U. S. Will Attempt First Landing On Asteroid Eros

This color image of Eros was acquired by NEAR's multi-spectral imager on February 12, 2000 at a range of 1100 miles (1800 kilometers). The color is close to what the unaided human eye would see. The butterscotch hue is typical of a wide variety of minerals thought to be major components of asteroids such as Eros. Photograph courtesy of Johns Hopkins University Applied Physics Laboratory, Laurel, Maryland
This color image of Eros was acquired by NEAR's multi-spectral imager on February 12, 2000 at a range of 1100 miles (1800 kilometers). The color is close to what the unaided human eye would see. The butterscotch hue is typical of a wide variety of minerals thought to be major components of asteroids such as Eros. Photograph courtesy of Johns Hopkins University Applied Physics Laboratory, Laurel, Maryland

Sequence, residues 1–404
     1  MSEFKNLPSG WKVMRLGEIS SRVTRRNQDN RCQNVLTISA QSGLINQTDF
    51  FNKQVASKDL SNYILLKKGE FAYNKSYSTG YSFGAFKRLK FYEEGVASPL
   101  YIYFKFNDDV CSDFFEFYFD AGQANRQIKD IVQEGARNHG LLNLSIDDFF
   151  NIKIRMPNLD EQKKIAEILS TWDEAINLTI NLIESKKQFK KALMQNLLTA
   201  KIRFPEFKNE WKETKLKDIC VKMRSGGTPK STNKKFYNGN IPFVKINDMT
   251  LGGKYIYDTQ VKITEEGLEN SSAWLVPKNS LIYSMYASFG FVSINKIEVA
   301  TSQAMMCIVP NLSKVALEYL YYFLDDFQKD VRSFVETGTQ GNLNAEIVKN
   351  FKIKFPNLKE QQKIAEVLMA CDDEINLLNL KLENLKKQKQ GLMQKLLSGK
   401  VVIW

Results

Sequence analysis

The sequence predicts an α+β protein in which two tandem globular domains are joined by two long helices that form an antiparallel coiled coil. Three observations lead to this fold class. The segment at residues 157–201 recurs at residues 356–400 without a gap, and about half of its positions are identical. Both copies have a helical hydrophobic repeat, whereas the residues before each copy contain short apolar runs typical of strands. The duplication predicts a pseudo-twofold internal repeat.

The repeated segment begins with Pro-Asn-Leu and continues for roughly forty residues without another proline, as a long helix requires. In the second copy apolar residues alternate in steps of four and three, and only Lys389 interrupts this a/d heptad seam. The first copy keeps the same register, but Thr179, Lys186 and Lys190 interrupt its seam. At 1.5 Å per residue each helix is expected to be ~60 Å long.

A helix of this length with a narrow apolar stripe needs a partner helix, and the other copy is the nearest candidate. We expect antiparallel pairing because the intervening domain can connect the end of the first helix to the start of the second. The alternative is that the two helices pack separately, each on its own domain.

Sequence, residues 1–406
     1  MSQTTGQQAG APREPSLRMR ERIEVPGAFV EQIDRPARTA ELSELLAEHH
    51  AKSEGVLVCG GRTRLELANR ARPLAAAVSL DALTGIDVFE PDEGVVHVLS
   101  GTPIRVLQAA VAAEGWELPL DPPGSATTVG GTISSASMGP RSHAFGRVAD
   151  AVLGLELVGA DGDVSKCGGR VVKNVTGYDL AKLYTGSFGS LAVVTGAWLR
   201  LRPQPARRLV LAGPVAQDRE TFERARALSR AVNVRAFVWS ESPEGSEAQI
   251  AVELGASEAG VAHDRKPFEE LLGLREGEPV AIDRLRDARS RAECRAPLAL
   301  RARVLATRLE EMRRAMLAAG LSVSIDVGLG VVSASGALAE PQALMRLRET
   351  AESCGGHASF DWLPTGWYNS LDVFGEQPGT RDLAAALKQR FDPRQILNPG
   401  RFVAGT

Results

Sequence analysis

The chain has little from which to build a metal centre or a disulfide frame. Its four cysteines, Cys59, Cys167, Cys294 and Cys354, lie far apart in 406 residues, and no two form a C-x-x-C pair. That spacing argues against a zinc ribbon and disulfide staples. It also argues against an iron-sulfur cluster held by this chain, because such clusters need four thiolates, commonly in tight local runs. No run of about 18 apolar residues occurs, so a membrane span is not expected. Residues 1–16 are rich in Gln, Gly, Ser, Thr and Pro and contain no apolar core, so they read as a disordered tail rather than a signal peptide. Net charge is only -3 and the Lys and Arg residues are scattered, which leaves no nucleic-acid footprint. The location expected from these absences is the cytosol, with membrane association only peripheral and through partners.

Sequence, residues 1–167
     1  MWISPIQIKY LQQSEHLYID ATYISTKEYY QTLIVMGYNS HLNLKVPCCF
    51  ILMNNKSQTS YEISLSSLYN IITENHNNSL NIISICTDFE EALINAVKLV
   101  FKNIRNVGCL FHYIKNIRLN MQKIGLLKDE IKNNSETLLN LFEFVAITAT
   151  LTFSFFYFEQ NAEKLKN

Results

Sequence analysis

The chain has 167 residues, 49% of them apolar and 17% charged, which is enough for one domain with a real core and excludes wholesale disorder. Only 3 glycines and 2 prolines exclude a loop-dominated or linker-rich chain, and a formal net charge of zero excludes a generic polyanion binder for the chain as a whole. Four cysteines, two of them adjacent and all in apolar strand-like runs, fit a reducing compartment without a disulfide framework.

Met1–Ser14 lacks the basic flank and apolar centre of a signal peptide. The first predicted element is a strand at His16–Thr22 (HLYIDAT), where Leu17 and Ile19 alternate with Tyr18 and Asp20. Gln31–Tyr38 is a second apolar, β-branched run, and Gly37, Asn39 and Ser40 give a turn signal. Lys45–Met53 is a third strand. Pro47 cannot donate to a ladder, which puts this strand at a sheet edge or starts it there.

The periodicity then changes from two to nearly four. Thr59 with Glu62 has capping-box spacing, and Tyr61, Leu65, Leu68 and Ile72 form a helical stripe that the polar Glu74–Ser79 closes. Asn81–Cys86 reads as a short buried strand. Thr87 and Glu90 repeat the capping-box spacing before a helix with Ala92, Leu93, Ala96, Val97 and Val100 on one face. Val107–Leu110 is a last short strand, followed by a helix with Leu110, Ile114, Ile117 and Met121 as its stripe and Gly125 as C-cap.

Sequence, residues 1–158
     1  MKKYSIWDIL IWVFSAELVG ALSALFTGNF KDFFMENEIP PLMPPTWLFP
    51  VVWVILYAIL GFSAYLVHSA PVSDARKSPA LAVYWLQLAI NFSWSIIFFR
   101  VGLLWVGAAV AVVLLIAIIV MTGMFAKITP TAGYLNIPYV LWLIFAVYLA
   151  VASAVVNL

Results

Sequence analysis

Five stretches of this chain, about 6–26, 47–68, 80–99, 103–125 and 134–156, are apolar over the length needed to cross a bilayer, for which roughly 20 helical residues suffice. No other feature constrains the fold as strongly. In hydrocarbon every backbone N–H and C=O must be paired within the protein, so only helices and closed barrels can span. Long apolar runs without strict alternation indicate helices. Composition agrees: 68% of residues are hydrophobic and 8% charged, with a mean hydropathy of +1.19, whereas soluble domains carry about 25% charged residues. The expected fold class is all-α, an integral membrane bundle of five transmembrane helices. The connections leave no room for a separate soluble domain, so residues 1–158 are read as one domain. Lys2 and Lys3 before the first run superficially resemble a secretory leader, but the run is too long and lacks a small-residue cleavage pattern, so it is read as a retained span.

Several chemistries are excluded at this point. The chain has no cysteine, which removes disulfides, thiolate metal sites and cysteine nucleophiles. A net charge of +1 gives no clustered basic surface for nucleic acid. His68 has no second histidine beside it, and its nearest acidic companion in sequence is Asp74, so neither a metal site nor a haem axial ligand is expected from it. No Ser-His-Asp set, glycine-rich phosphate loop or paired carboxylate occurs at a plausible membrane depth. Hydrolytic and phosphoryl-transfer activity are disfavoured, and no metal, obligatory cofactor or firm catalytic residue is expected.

January 6, 2001  Laurel, Maryland - NASA said OK this week to America's and the world's first attempt to land on an asteroid - or at least touch down briefly. Scientists on the Near Earth Asteroid Rendezvous (NEAR) team at Johns Hopkins University's Applied Physics Laboratory in Laurel, Maryland have been controlling NASA's NEAR Shoemaker spacecraft orbiting the asteroid Eros since February 14, 2000. Now, nearly one year to the day on February 12, 2001, NEAR's rocket engines will be turned on to slow the orbiter's descent toward Eros at about 7 miles per hour.

 

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